1. You apply for and open a credit builder loan at a bank, credit union or through Self. A credit union may also call this type of loan a share secured loan (being secured by your savings account).

 

 2. When your application is granted, the financial institution moves the loan proceeds you were approved for into a separate account, usually a savings account or certificate of deposit (CD). The loan amount tends to be between $300 and $1,000, though some banks offer credit builder loans as high as $2,500

 3. You then begin making your monthly payments for           the predetermined amount of time (the loan term).             The loan term can be as short as six months or as               long as six years.

 5. The bank, credit union or service provider reports               your monthly payment activity to one or more of

       the three major credit bureaus (Experian, Equifax,              Transunion). A credit bureau generates a credit rating        (also known as a credit score, based on your history         of  using credit).

6.Once the loan balance reaches zero, the service provider unlocks the CD or savings account and returns the total money the borrower paid, minus any interest and administrative fees.

Who should get a credit builder loan

The people most likely to benefit from a credit builder loan are those with a low credit 

Personal or demographic information such as age, race, address, marital status, income and employment don't affect the score.

Different score impact for same missteps

How much does a specific change affect a credit score? The answer is usually "it depends," and for good reason. Credit score developers don't reveal the exact point deductions. The weight of any given activity can also vary for different credit histories.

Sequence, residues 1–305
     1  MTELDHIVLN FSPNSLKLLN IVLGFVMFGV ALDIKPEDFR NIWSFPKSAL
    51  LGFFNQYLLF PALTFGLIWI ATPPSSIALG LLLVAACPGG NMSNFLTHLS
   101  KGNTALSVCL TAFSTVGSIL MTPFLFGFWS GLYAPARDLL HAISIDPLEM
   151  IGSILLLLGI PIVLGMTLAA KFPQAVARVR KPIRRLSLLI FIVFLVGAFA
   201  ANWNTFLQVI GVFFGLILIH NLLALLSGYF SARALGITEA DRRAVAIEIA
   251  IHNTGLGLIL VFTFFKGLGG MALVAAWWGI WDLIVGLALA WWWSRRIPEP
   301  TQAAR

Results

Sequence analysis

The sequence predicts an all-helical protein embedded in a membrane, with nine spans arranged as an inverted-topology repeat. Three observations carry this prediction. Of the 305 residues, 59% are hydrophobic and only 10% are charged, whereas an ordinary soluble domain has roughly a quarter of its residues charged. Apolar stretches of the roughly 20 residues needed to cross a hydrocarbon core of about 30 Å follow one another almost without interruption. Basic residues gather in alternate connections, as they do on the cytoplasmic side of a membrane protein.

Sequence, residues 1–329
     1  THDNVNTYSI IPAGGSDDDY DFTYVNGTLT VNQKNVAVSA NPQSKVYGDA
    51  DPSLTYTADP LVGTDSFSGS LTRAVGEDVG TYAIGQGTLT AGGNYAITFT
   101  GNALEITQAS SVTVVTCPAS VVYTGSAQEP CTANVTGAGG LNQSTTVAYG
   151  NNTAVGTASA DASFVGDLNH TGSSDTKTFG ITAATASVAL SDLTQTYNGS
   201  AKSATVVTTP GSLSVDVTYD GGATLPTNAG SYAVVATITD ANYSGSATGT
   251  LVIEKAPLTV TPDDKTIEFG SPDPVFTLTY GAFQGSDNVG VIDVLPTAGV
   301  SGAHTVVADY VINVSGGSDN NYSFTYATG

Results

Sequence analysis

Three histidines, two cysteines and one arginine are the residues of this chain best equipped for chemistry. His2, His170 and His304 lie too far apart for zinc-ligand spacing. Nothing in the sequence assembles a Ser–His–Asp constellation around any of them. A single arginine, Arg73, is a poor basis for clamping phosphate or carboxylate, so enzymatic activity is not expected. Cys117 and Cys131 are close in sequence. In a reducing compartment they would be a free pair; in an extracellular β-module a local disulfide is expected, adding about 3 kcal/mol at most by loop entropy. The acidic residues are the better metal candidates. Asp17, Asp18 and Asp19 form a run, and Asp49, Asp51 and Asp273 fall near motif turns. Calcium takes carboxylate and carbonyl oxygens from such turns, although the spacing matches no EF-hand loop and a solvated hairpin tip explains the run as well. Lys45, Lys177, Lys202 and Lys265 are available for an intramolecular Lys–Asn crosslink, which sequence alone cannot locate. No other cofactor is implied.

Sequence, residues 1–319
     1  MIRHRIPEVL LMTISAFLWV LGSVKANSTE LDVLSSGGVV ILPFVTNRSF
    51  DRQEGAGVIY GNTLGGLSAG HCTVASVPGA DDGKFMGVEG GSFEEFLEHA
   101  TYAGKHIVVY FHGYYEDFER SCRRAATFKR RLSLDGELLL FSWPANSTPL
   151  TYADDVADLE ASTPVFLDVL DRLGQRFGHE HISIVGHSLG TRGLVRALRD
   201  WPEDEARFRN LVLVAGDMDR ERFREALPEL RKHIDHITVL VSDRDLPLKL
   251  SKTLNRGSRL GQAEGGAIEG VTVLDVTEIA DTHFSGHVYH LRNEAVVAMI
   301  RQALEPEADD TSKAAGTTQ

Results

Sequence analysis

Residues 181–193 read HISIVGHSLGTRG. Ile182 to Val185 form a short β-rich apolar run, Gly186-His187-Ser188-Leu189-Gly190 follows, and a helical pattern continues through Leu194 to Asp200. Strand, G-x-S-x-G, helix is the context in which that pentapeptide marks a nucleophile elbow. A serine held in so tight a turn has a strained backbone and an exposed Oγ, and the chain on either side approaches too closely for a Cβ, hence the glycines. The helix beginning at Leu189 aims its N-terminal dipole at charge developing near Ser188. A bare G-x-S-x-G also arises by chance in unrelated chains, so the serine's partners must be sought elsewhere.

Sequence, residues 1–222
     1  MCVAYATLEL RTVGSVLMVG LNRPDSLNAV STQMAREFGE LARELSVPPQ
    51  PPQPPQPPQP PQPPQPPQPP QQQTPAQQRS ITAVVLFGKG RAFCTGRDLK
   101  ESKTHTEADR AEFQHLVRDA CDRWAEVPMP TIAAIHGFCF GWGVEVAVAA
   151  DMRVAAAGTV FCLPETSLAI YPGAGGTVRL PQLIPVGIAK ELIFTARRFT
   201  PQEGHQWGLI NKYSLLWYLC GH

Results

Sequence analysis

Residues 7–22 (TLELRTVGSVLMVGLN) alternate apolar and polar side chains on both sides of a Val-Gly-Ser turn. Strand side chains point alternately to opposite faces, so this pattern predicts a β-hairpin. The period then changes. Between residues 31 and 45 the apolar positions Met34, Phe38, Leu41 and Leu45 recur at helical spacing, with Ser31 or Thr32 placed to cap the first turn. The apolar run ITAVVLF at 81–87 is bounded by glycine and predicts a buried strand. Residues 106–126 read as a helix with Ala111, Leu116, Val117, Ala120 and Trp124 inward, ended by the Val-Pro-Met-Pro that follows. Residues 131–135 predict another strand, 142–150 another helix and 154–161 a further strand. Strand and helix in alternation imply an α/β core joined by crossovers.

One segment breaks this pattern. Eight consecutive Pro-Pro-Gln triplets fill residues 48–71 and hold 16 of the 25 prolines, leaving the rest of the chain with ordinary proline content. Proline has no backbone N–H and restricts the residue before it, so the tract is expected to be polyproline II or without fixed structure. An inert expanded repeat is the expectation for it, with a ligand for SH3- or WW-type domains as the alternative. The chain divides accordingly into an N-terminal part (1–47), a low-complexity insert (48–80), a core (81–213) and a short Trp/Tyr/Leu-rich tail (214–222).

Within a scoring model there's more than one formula used to calculate a score, and each formula is designed for a category of consumers with similar credit profiles. The information in your credit report determines which formula is used. If you are new to credit, for instance, the scoring model will put you into a category for people with young credit histories, and use a scoring formula specific to that group. Such groups are called scorecards. Within that group, recent inquiries may cost more points than they would for a different group.

How to check your credit score

Federal law mandates the consumer's right to a free credit report annually from each credit reporting agency, but not to a free credit score. To get your exact number, you have to purchase it from a score provider, such as Privacyguard.com, Identityguard.com,or one of the reporting agencies.

©2012-2020 by Milam Business Management.com./ Scorez  Up *All Rights Reserved